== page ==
• Sam Quixote

    I’ve read some Black Panther comics before this but I’m definitely not that familiar with the character and I’m guessing almost 100% of readers coming to this book are gonna be in the same boat. He’s a relatively obscure character who occasionally pops up in ensemble stories with bigger readerships than his own books and that’s mainly where I know him from.

    Following his much-touted and well-received appearance in Captain America: Civil War last year, his forthcoming solo movie, and Marvel’s trad

  • StoryTellerShannon

    Wakanda is recovering from various turmoils as their king tries to get a grip against the revolutionaries.

    There's a great deal of rich potential in this setting but it isn't fully realized.

    OVERALL GRADE: B minus to B.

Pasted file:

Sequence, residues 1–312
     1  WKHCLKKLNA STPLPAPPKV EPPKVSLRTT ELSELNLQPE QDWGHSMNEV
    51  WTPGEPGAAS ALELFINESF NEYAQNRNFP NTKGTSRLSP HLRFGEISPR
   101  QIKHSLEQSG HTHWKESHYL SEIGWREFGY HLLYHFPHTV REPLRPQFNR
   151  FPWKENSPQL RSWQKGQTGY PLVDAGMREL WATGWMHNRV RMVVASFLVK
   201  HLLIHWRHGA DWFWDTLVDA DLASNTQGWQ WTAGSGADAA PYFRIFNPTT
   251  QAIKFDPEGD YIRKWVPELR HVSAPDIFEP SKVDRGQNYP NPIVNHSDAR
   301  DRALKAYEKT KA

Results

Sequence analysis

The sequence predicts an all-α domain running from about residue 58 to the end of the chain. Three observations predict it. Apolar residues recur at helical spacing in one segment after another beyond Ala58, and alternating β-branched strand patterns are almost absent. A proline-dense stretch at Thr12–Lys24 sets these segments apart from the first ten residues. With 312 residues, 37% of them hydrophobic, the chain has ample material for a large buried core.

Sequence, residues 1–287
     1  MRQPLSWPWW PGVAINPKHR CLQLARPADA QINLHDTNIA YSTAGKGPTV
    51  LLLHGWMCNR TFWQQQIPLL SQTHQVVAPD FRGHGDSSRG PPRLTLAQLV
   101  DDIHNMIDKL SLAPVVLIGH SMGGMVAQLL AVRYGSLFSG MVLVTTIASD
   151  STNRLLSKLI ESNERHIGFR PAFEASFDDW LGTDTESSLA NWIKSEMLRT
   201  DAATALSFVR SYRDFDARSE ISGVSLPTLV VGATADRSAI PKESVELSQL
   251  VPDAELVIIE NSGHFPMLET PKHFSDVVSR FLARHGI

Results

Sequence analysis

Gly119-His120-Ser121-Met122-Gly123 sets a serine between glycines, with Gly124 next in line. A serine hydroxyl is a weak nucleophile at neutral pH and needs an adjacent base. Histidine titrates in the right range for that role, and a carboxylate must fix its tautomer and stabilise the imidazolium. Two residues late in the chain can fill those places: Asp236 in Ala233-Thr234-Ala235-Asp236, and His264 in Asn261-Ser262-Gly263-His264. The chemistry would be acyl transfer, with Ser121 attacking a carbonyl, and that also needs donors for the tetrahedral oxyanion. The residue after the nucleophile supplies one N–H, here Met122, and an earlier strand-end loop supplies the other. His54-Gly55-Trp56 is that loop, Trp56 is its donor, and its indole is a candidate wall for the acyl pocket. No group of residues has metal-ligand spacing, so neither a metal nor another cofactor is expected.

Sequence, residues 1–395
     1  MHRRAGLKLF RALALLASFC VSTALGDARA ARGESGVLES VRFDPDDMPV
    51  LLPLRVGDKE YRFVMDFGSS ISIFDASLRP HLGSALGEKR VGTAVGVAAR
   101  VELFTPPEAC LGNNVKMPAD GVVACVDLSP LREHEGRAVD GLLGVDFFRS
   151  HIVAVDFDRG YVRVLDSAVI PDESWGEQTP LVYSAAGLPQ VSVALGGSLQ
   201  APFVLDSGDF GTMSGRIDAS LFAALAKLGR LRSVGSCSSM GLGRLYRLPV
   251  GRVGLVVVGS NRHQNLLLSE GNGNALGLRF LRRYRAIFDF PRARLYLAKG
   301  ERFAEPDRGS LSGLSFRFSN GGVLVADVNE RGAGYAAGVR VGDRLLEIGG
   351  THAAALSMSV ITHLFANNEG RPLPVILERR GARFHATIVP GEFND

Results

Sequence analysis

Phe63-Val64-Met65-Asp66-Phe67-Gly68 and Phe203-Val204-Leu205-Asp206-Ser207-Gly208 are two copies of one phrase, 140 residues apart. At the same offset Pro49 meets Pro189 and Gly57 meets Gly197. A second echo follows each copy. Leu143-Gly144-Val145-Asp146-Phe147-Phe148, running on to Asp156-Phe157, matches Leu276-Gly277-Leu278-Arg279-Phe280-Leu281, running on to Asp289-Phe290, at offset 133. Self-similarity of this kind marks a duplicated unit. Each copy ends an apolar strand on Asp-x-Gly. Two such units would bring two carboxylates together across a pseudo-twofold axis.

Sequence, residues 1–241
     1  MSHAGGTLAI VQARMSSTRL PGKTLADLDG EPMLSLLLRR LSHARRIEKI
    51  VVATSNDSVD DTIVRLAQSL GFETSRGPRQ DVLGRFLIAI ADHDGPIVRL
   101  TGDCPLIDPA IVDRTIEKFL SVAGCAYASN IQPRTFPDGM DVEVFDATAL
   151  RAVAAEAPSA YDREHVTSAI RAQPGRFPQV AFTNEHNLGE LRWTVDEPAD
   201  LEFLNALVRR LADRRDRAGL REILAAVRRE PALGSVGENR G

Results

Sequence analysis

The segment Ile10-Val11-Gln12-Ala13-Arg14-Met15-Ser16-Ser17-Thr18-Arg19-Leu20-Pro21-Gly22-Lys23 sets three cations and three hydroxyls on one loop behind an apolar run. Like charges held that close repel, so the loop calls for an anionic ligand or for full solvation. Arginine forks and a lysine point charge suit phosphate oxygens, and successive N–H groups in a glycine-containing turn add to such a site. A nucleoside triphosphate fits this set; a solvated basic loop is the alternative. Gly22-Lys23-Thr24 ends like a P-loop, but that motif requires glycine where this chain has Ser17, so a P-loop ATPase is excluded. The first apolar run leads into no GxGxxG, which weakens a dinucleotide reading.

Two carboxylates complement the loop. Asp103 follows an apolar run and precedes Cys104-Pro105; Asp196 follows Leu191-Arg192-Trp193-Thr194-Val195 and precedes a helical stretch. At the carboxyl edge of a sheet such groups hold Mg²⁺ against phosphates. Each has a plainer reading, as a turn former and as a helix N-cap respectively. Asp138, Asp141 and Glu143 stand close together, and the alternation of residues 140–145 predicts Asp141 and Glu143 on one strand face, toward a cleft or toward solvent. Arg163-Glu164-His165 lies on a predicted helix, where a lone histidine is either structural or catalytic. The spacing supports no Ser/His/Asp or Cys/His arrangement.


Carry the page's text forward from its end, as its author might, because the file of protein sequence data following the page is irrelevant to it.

• Sesana

    Super expositiony, yet largely compelling.

  • Marta

    This is not a superhero story - and that's a good thing. We have some of the obligatory butt kicking, but it is mostly about a divided, suffering people and their king. The nation is terrorized, lawless, in pain, people are blaming their king for not being able to protect them. He also blames himself. There is a revolution brewing, fostered by a shaman and a witch using ancient nature magic to flame people's rage. Members of the elite female guard have taken upon themselves to protect suffering ...more